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Opposition may derail women’s quota
Published on 3 Mar. 2010 12:09 AM IST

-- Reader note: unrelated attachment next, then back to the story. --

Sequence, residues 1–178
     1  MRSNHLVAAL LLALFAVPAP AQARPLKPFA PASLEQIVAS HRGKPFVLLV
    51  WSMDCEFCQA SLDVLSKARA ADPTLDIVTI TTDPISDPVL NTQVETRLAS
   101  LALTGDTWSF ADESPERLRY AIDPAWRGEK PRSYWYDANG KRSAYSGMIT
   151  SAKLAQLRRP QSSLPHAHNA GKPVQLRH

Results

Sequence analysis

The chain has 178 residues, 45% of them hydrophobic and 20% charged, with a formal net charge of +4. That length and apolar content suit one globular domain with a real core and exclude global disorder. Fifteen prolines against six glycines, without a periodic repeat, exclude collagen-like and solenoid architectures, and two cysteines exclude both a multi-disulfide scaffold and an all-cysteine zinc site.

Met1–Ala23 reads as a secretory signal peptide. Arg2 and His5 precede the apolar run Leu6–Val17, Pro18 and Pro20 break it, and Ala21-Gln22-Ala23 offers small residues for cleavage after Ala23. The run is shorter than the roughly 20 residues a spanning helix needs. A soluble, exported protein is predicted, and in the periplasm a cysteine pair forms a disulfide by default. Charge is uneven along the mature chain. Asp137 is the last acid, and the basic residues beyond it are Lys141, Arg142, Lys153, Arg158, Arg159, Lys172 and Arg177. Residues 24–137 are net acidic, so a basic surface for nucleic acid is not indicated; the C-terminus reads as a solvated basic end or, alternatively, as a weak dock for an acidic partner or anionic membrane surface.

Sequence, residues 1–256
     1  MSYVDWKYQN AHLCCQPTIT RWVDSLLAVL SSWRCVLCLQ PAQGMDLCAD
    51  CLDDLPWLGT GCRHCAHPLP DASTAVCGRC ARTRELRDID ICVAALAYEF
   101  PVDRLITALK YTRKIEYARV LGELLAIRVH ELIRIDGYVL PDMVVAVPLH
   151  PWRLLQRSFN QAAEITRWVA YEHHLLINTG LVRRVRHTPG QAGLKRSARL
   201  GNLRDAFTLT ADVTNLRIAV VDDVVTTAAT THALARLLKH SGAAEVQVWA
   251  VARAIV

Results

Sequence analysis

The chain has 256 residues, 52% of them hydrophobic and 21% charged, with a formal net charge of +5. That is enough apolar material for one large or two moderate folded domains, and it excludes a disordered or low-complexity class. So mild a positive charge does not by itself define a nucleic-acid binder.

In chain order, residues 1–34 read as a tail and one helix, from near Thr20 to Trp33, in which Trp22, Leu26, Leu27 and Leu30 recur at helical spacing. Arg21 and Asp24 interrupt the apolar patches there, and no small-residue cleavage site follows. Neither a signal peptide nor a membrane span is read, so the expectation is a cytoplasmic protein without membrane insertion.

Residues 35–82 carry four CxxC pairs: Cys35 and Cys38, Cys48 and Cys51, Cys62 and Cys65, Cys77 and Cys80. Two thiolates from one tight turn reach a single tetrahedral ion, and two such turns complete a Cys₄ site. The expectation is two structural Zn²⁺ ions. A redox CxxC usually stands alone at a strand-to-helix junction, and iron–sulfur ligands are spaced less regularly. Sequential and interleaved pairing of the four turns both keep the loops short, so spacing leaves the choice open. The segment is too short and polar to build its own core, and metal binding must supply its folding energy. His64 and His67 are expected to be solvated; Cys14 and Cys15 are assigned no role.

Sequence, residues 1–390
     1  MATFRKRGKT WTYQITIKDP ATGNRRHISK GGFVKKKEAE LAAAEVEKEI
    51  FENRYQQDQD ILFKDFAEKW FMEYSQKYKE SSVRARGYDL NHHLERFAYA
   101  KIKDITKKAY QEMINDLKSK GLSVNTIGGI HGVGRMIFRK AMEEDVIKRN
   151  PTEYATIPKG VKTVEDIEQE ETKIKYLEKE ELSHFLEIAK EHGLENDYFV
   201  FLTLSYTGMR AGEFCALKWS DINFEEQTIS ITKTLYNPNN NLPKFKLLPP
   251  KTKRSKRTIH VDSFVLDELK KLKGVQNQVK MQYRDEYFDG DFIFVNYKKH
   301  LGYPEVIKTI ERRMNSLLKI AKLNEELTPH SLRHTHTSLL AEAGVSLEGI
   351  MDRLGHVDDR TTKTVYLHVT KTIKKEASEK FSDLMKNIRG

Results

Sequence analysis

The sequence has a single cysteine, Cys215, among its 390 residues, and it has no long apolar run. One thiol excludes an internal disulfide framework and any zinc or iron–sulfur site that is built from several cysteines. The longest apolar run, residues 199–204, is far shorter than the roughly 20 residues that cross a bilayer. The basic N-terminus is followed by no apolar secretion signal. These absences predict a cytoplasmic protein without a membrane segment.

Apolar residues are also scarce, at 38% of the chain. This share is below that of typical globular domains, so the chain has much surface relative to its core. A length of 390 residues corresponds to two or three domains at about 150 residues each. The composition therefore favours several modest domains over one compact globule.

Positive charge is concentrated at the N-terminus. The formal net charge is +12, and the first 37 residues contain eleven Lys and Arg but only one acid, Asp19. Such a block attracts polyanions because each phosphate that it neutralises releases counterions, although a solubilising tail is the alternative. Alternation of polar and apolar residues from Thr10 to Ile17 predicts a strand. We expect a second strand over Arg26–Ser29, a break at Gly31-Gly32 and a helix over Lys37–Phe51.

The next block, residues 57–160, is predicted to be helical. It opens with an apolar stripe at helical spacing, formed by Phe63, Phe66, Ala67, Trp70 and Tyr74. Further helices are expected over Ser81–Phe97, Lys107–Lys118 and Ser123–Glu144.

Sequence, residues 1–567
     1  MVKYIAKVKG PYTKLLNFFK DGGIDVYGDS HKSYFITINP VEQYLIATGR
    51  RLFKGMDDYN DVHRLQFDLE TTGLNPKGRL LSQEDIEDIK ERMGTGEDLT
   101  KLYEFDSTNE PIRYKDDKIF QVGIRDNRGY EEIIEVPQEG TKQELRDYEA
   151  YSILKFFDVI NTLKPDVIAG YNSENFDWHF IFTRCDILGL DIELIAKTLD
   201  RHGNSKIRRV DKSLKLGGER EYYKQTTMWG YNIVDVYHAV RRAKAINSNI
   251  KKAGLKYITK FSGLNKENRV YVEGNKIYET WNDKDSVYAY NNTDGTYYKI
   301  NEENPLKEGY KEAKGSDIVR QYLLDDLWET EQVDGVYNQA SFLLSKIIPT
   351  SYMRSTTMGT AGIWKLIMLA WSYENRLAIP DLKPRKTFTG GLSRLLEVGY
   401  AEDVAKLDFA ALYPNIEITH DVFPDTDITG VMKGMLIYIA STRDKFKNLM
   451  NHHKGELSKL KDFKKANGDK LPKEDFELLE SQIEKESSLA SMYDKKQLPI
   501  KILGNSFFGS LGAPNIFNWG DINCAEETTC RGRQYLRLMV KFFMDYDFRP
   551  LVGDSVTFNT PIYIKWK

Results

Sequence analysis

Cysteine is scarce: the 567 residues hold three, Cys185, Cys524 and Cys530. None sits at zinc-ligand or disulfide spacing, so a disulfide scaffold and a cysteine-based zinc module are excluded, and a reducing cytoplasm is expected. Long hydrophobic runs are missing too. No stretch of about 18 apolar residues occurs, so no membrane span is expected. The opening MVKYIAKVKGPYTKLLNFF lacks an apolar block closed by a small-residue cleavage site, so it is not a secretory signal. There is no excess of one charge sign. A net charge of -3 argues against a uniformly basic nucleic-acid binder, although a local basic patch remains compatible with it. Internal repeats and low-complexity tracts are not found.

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Opposition from three political parties may still derail the bill seeking to reserve 33 percent seats in parliament and state legislatures for women. Though the union cabinet decided last Thursday it would introduce the bill, it does not have the numbers in the Rajya Sabha, the upper house of parliament, to get it passed. The three parties -- the Samajwadi Party (SP), the Rashtriya Janata Dal (RJD) and the Janata Dal-United (JD-U) -- are demanding a quota for weaker sections within this one-third quota. The SP and the RJD have threatened to withdraw support to the ruling United Progressive Alliance (UPA) if the government forces the legislation in its present form through parliament. The JD-U has said the government should strive to build consensus on the issue. The bill provides for reservation of seats for women for 15 years from the date of commencement of the act on rotational basis. The proposal for providing reservation to women in legislatures has been pending for over 13 years -- since 1996 when it was first brought to parliament by the H.D. Deve Gowda government. In its present form, the Constitution (108th Amendment) Bill, 2008, has the backing of the Congress, the Bharatiya Janata Party (BJP) and the Left. For the bill to be passed, it has to be supported by two-thirds of those present and voting. This figure should also be at least 50 percent of the total number of MPs in the house. The Congress, BJP and Left together have 348 MPs in the 545 member Lok Sabha -- close to the two-thirds mark. In the Rajya Sabha, their number adds up to 138 against the two-thirds majority figure of 162. The government is hoping for support from smaller parties while mustering the required numbers. The bill was introduced in Rajya Sabha in 2008 and was referred to the standing committee on law and justice that gave its report in December 2009. President Pratibha Patil in her address to parliament Feb 22 had said the government was committed to the early passage of the bill. According to the SP, the legislation in its present form will only facilitate entry of women from affluent and urban backgrounds in assemblies and parliament. “The real purpose of the legislation to empower rural women will be defeated. There should be reservation for Scheduled Castes, Scheduled Tribes, other backward classes and minorities,” Shailendra Kumar, SP MP from Kaushambi in Uttar Pradesh, told IANS. He said reservation for women should be left to political parties, and “parties which do not give representation to women according to stipulated norms should be de-recognised”. RJD MP Rajniti Prasad said the party wanted reservation for weaker sections within the 33 percent quota for women. “We will not agree to the bill in its present form. The party can also withdraw its support to the government on the issue.” he said. JD-U spokesperson Javed Raza said the government should convene an all-party meeting on the bill and build consensus. “We will also raise the issue at meeting of National Democratic Alliance,” he said. BJP spokesperson Prakash Javadekar said his party had already declared its support for the bill and it was for the government to declare its intention. He added the BJP was also open to alternative suggestions such as double-member constituencies. Communist Party of India-Marxist leader Basudeb Acharia said his party had no problems. “They should bring the bill now.” “The original idea of reservation for women came from former prime minister Rajiv Gandhi. The Congress president (Sonia Gandhi) is emotionally attached to the issue. We want it to come as soon as possible but it is for the government to decide the timing,” added party spokesperson Shakeel Ahmed.

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